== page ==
Hi, Can you introduce yourself?

I’m Rab, originally from Rutherglen in the Southside of Glasgow. The locals like to call it ‘ruggie’ and it’s a traditional working class area. I studied Civil Engineering at Glasgow University and after graduating in 1995 got a job on the railway maintaining and constructing new infrastructure. I’ve worked all over Scotland from Dumfries to Thurso. If there is railway track I’ve probably been there. I loved it, there is a real sense of community and we were proud to say we worked ‘on the railway’. I even worked at Corrour station for a short time which featured in the original Trainspotting movie. I can confirm it’s as remote as the movie makes out.

Photo of Rannoch Moor I took from Corrour Station while on the sleeper train to Fort William last March. The original trainspotting with same view.


So what brought you South?

My partner Jo got a job in Southampton in 2007. Being an engineer London was the obvious place for me to work as there is so much construction going on, so after staying in a few places we settled in Winchester in 2009 and are still here. Winchester is amazing, only an hour to London by train and 30 minutes to the coast it has everything you need.

Over the years I’ve worked on some of the biggest infrastructure projects in the Capital. I worked in Farringdon station for 2 years when Thameslink was being upgraded. We demolished the supports of the metropolitan line platform and constructed a new tunnel underneath while passengers were still using it. I still have nightmares about whether the temporary works holding up the platform will work. 

For Crossrail I worked in Soho Square where we constructed a shaft in each corner. The shafts were for compensation grouting when the main tunnel boring machine came through in case any of the buildings started sinking. One of the shafts was right outside the British Board of Film Classification and when they were watching a film we couldn’t make any noise in case they missed a swear word and gave it the wrong classification. Well that’s what they told us anyway, personally I think they just wanted peace and quiet to enjoy the film. The opening of Crossrail is slightly delayed but I think once opened people will wonder how they coped before.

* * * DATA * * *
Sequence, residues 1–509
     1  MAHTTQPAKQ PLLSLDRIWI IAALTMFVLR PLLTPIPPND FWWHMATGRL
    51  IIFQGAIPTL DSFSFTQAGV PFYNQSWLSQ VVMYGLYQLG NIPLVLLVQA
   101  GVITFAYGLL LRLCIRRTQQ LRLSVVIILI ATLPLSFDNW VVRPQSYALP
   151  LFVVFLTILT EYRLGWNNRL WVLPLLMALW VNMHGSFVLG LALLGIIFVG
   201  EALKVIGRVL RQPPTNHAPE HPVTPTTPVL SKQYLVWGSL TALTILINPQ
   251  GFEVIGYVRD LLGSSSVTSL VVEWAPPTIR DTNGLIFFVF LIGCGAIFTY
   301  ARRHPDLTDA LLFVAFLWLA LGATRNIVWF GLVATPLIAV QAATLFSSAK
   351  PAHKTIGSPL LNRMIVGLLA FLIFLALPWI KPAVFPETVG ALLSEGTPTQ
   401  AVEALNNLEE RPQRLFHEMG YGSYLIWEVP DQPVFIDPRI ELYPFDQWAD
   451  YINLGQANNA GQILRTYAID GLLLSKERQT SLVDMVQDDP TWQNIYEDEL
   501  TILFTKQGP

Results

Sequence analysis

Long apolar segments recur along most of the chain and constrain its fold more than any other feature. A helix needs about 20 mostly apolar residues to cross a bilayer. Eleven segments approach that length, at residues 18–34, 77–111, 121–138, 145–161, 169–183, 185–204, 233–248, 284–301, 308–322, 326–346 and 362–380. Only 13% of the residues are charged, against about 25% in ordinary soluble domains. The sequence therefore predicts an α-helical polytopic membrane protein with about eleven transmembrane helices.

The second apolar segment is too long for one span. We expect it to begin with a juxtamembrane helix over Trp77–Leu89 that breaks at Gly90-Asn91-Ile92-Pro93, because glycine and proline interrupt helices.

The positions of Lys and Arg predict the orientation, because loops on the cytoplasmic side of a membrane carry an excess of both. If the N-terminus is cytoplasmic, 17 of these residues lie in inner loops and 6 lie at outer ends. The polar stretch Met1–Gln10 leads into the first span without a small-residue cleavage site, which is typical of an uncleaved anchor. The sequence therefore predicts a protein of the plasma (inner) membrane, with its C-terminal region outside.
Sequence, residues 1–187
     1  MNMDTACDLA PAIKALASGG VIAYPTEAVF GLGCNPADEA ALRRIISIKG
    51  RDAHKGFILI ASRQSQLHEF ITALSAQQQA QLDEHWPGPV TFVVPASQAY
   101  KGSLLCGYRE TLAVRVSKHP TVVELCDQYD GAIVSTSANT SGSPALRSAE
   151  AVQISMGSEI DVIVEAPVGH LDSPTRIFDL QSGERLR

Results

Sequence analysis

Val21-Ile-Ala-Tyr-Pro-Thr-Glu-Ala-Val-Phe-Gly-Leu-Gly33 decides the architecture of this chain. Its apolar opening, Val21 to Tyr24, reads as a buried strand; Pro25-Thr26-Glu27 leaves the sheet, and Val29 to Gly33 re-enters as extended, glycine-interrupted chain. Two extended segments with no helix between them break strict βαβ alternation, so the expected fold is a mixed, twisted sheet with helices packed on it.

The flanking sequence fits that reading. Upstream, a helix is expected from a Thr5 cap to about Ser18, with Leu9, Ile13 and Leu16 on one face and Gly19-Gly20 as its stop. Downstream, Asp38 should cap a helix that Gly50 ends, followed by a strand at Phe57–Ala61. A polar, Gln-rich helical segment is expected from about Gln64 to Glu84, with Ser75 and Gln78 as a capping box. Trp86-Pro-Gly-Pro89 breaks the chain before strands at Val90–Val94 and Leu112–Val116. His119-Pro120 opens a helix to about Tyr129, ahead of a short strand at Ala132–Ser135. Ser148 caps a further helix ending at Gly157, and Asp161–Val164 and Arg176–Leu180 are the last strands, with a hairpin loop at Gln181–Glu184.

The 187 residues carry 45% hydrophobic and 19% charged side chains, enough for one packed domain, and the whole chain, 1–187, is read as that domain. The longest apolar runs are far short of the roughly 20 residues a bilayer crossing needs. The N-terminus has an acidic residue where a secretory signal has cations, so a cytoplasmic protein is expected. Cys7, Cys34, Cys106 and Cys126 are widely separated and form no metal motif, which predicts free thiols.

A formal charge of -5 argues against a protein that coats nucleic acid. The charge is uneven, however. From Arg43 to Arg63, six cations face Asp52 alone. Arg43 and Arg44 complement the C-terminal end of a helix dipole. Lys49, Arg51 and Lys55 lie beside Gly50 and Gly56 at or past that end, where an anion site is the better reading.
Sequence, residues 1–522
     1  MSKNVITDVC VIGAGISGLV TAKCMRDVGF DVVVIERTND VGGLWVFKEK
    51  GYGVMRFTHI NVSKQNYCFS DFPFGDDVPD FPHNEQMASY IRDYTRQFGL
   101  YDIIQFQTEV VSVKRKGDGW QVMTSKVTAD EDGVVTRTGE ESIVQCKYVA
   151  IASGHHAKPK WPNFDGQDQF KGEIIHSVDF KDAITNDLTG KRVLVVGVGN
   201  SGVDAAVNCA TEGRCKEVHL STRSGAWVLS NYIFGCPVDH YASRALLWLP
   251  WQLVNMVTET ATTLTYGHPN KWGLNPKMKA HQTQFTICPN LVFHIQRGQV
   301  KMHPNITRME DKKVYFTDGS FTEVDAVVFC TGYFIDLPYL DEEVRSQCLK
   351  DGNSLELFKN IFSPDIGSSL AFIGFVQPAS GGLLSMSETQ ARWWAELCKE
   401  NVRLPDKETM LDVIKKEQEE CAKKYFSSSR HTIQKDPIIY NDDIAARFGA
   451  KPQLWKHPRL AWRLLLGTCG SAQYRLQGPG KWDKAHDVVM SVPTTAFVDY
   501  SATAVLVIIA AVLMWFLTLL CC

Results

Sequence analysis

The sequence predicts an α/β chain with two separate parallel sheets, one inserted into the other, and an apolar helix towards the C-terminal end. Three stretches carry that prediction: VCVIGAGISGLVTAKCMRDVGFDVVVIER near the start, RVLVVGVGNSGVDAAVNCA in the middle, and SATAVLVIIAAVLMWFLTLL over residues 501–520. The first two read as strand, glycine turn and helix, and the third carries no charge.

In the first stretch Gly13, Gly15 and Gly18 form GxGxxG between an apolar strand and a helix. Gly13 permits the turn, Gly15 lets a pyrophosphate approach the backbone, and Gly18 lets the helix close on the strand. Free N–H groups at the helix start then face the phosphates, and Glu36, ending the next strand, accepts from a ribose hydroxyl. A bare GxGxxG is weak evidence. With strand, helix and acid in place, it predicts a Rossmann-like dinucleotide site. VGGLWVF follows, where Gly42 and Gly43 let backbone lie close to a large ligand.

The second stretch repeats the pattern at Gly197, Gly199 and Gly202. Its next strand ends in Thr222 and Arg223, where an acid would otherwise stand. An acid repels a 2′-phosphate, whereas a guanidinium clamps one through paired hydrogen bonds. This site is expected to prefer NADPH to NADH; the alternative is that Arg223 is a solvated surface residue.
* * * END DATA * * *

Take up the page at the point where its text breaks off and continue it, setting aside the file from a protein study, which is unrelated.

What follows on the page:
Most recently I’ve worked on some enabling works for HS2, the new high speed railway from Euston to Birmingham. Eventually it’s supposed to get all the way to Scotland but I have my doubts. There is even talk of scrapping it entirely so one to watch.


We hear you also like whisky?

Yes! Although I love engineering I don’t love the long hours so started to think about trying something else. I visited the whisky island of Islay on holiday last August and when I came back had some inspiration from somewhere to set up a ‘pop up’ whisky bar. I’ve always enjoyed a dram but over the years found some places to be slightly intimidating and very expensive. My aim with the pop up bar is to introduce people to whisky in a friendly and welcoming way while keeping the cost of a dram low. Some of the 10year old malts I sell are cheaper than a cup of coffee on the high street which is crazy.

In just under a year I’ve done lots of different events and the feedback has been amazing which is so satisfying. People love the map I have on the bar which shows what flavour to expect from each whisky and I also have a map of Scotland showing the location of the distilleries. Folk are always keen to point out on the map where they’ve visited or asked me to recommend where to go. I’ve always enjoyed meeting new people and so standing blethering about Scotland and serving whisky is the dream job. Lots of bars you go in now you hardly get a hello never mind a conversation so I think folk just love to have a chat.

I’m focussed on weddings, private parties, small food and music festivals, that kind of thing. I’ve also done a couple of beer festivals and I’m trying to revive the ‘hauf an a hauf’. A measure of whisky drank alongside a half pint of beer. Brewdog have just started doing Boilermakers which is an American term for hauf an a hauf so that’s helping with the promotion!

The couple of weddings that I’ve done couldn’t have gone better. I have an option when hiring the bar that you can have a mini tasting experience for guests where they can try 3 whiskies. There’s nothing better than for somebody to say ‘I don’t like whisky’ only to then say ‘Oh, I didn’t realise it tasted it that’ after tasting it.

Whisky isn’t going to be for everyone but my mission is to at least get people to try some!

Some photos of the bar.


How did you hear about London Scottish House (LSH)?

Lettie the Relationship Manager at LSH came across the bar and got in touch. She was keen to see if we could collaborate and host some whisky tasting events which is exactly what we’ve done. We hosted our first ‘Beginners Guide to Scottish Whisky’ together which got great reviews. The night was informal and relaxed and folk loved hearing about the plans for LSH and having a look around. A lone piper was practicing in the hall which also went down a storm!

We have already planned another so hopefully we can build on the relationship and see where it takes us.

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